Ryan Payton, the creative director of the recently-successful Kickstarter project titled “République,” had some things to say about his studio’s experiences with Kickstarter, and a challenge that completely threw them for a loop. Payton and his coworkers worked meticulously to ensure that the Kickstarter page for République was as professional as possible, but this level of polish caused gamers to criticize them, questioning why they need to look for crowd-sourced funding if they are as professional as they look.
“We decided that we would communicate some of our studio’s values (high quality, meaningful, honest) through our Kickstarter page and video. Maybe if people saw how beautiful our game was, how pro our trailer was, and how polished our pitch was, they’d get behind our ambitious aims for Republique — or so we thought,” Payton said. “A week into our campaign, we were surprised to see dozens of comments online from people saying: ‘Look at that game, look at how expensive their video looks… They don’t need our money.’ Meanwhile, our company bank account was getting dangerously low.”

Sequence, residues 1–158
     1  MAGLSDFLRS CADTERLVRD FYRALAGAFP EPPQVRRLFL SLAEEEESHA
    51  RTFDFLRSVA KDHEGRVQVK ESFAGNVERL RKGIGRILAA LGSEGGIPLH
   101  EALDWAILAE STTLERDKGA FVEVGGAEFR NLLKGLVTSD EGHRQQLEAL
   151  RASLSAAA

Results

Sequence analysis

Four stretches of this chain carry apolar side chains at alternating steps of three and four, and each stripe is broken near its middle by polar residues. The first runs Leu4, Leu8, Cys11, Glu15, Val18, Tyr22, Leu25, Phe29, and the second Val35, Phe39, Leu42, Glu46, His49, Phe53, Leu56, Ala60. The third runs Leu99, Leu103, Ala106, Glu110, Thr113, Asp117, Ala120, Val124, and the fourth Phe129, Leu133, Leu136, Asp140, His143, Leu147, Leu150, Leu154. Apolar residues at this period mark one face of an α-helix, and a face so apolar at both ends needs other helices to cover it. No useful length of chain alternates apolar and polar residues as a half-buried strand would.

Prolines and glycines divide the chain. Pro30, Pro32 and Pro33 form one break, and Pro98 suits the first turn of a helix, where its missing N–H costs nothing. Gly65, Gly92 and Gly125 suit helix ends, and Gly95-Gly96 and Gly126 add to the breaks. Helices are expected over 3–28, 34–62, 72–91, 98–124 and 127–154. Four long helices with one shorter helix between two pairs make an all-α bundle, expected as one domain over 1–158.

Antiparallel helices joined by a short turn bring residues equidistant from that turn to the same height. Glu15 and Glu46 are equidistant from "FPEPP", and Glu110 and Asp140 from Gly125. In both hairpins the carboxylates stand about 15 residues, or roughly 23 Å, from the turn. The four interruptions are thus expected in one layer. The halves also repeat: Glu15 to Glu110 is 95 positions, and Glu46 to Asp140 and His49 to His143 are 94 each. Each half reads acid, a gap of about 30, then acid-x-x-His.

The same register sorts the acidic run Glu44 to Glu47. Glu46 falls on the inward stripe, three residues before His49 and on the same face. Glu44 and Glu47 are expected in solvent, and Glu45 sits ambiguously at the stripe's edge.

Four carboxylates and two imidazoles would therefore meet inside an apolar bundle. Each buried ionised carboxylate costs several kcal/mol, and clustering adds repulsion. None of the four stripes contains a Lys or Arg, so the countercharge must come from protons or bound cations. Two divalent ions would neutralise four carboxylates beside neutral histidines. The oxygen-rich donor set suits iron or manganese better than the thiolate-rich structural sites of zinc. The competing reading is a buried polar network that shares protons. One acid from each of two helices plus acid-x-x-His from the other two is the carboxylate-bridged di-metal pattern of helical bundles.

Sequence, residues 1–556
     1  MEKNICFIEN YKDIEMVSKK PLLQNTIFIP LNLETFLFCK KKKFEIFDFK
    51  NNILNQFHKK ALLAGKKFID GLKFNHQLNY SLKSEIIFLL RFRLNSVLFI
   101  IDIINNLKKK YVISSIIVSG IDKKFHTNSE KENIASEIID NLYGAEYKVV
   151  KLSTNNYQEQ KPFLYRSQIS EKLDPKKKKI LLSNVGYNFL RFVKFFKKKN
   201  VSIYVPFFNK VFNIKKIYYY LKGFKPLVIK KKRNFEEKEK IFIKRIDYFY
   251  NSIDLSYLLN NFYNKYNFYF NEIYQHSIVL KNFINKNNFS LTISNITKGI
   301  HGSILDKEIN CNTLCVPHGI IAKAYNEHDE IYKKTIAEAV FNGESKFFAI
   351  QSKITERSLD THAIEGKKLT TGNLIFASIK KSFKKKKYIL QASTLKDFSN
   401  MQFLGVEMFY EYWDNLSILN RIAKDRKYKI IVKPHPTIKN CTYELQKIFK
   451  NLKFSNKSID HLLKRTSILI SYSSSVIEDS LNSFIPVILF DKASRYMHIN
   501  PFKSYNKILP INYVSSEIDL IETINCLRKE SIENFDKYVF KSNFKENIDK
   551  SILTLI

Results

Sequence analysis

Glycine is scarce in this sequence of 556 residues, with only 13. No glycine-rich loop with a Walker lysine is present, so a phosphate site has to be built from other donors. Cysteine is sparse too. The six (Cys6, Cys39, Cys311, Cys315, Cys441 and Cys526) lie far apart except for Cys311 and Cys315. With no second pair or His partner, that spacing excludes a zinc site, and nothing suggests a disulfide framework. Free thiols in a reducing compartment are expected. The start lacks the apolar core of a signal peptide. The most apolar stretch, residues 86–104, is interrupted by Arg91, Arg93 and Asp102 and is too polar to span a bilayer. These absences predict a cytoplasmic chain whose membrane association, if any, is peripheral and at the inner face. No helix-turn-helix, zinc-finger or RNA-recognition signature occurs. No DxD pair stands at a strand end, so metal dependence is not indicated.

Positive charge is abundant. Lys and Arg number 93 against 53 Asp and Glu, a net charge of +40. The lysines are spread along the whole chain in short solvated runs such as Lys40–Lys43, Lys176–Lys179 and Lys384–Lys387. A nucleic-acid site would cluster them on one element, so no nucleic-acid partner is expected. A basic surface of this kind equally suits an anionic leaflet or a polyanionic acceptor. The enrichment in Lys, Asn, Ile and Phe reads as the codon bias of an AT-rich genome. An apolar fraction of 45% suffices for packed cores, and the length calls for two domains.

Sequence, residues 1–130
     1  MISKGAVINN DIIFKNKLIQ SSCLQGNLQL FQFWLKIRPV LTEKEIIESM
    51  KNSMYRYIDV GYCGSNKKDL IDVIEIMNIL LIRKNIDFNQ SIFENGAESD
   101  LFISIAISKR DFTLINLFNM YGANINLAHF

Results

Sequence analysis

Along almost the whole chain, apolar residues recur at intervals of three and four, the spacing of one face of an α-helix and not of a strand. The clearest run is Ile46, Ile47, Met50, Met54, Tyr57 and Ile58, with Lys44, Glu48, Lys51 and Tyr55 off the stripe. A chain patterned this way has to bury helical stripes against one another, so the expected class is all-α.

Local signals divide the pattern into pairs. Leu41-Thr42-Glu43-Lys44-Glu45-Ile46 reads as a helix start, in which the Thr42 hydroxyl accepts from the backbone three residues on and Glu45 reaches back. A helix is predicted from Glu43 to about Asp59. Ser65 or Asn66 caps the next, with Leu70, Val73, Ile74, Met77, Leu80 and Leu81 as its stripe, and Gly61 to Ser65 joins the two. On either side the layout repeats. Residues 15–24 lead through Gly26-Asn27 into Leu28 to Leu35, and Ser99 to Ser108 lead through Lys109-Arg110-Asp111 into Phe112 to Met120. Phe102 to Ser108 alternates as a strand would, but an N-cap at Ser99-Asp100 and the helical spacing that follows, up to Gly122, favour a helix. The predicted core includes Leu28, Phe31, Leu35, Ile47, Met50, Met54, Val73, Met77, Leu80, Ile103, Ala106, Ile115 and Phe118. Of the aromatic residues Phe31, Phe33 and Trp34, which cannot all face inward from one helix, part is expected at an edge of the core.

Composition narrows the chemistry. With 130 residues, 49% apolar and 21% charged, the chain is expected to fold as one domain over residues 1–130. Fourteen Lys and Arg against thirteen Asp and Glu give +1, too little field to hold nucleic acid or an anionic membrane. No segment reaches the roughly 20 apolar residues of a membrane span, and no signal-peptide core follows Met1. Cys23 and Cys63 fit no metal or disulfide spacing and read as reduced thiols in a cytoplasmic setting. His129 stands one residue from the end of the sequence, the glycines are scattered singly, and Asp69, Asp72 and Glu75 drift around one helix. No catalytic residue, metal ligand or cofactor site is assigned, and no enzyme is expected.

Payton worked with outside studios to create the most impressive trailer for the game as was feasible, and the onlookers saw something which looked like it didn’t need donations at all.
“Initially, I was frustrated at the ‘too polished’ complaints, especially when I remembered the late nights and weekends Craig Cerhit put into our video content. I often thought about the rich guys on Kickstarter intentionally making rough-looking webcam videos to appeal to peoples’ charitable instincts and subsequently pull in six or seven figures in pledges,” he said. “While aggravating, I understood the point. While I don’t necessarily agree with the commonly used analogy that running a Kickstarter is a digital form of panhandling, if that were true, I was standing on a street corner in a freshly pressed suit holding an iPad with a typed out message ‘Need money. Anything helps.’”
Payton goes on to say that things turned around for the better when later on during the Kickstarter’s run, the reception of the project improved, with more fans finding their way to it, and reinforcing it with positive support and feedback. République’s Kickstarter was launched on April 11 2012 and barely reached it’s funding goal of $5oo thousand on the last day of the project’s run. The game will be launching on iOS, PC, and Mac if and when it is finished.